5. The Canucks have at least spread their scoring around. Of the 21 skaters to dress this season, 19 of them have at least one point on their ledger. Only defensemen Alex Biega (in two games) and Erik Gudbranson (in eight games) have yet to record a point.
1. The Caps are 4-1-0 when Alex Ovechkin scores at least one goal, 0-3-1 when he doesn’t.
2. John Carlson is second in the league in average ice time, averaging 26:43 per game. Only Buffalo defenseman Rasmus Ristolainen is logging more – 27:39 per game.
3. Only nine players in the league have logged more total shorthanded ice time than Jay Beagle (35:21 in nine games). All of them are defensemen. In fact, Beagle is the only forward in the top 19 in total shorthanded ice time.
4. Brooks Orpik is back among the leaders in credited hits. He is tied for fifth with 30 and is fourth among defensemen.
5. Another random John Carlson fact…through Tuesday’s games, no player in the league recorded more shots on goal without scoring one than Carlson (34).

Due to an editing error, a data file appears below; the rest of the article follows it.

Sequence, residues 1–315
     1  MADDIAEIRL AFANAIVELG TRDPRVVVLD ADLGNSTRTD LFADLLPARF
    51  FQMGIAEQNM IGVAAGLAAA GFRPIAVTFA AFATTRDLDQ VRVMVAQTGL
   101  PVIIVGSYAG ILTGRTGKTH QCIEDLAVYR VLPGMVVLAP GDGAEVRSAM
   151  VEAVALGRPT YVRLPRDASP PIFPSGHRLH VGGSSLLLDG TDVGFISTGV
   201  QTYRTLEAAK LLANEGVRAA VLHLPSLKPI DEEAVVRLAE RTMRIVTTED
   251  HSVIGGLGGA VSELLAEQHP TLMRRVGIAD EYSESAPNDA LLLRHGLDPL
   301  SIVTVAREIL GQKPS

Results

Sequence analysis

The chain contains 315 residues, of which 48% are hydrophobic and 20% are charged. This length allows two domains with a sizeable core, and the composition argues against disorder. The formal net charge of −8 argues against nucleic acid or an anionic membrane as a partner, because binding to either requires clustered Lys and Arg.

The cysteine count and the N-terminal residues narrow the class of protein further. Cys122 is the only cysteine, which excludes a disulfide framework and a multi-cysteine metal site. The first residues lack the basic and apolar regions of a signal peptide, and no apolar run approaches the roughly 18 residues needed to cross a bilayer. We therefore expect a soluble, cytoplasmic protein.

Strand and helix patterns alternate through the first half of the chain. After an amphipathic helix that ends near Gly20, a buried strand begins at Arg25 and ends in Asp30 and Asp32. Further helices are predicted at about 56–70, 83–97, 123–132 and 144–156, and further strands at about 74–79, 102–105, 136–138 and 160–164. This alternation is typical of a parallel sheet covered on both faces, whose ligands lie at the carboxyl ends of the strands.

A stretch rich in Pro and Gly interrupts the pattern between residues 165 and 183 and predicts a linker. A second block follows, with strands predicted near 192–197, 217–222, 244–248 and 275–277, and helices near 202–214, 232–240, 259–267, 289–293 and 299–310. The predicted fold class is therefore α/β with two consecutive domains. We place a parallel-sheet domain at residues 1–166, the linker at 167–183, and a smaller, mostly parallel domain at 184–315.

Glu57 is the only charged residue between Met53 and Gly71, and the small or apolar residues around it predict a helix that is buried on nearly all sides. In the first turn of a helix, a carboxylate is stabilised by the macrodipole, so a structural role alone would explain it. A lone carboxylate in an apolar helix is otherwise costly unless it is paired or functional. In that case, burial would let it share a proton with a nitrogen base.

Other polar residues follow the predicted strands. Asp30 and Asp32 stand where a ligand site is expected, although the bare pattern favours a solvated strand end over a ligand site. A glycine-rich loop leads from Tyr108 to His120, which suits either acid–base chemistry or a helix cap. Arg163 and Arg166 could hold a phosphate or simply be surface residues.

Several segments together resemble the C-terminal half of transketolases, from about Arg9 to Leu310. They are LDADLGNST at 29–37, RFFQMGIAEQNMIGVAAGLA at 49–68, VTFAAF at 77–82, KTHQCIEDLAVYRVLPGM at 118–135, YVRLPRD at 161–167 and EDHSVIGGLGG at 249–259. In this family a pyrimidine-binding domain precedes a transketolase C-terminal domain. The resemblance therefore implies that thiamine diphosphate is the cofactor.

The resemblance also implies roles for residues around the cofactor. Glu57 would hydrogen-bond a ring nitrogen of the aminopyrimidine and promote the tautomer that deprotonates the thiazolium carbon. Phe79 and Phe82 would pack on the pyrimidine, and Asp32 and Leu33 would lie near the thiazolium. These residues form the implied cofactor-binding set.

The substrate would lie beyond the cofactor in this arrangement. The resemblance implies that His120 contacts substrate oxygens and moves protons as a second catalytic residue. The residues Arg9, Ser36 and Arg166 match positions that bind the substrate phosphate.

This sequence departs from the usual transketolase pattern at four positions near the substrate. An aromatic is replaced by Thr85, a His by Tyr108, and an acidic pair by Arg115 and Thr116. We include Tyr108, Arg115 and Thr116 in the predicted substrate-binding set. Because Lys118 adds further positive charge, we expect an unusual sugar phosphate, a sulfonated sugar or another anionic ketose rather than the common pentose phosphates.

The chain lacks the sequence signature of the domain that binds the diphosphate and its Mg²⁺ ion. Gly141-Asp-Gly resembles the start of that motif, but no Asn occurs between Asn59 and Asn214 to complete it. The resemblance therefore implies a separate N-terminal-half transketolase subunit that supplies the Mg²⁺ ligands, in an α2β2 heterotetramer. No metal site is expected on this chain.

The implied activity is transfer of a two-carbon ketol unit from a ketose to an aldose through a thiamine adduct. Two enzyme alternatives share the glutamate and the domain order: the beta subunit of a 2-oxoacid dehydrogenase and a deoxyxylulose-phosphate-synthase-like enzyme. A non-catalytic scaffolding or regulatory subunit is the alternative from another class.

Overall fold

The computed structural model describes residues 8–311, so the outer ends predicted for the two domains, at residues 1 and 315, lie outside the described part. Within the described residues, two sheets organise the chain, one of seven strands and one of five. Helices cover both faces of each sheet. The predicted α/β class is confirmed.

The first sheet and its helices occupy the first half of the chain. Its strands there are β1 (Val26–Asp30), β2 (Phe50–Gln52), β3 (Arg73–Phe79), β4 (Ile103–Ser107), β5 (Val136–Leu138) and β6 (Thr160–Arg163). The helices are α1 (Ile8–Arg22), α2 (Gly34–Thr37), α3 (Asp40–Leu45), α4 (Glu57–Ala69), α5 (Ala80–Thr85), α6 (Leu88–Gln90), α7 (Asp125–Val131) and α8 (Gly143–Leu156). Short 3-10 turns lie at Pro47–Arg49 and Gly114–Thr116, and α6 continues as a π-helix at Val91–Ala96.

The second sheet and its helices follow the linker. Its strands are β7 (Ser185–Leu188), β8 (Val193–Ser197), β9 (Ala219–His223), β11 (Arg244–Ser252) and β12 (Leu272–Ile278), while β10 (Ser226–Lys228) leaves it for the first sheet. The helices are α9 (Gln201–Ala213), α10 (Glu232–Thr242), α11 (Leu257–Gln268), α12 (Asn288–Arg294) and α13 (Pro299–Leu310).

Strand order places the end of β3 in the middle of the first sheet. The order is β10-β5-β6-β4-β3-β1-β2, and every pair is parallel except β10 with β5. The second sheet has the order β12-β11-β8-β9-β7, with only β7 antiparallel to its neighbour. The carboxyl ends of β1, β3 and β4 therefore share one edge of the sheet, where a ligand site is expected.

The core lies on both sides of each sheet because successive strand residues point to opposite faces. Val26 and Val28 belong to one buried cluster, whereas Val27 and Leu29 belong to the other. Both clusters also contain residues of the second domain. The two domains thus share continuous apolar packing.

The Peerless’ Players to Ponder
Vancouver: Daniel/Henrik Sedin
And now, they are the grand old men. Daniel and Henrik Sedin are the oldest players on the Vancouver roster, Henrik the older by six minutes. They are first, second, or first and second in every meaningful franchise ranking: games (Henrik: 1,257; Daniel: 1,234); goals (Daniel: 372/1st); assists (Henrik: 786; Daniel: 618); points (Henrik: 1,023; Daniel: 990); plus/minus (Henrik: plus-185; Daniel: plus-166); game-winning goals (Daniel: 82); power play goals (Daniel: 130); total minutes played (Henrik: 22,127; Daniel: 21102); and on and on. But now, with both of them at the age of 37 and in the last year of their respective contracts, one wonders if this will be their last season with the Canucks. There has been comment on their perhaps stalling a youth movement with the club.
Add to this that the twins are off to something of a slow start scoring-wise (Henrik has one point in his last seven games; Daniel has a goal and an assist in his last six contests) and are near the bottom of the team’s plus-minus rankings, and the end seems not to be over the horizon any longer. Daniel is 7-6-13, plus-3, in 18 career games against the Caps, while Henrik is 3-11-14, plus-2, in 19 career games against Washington.
Washington: Jakub Vrana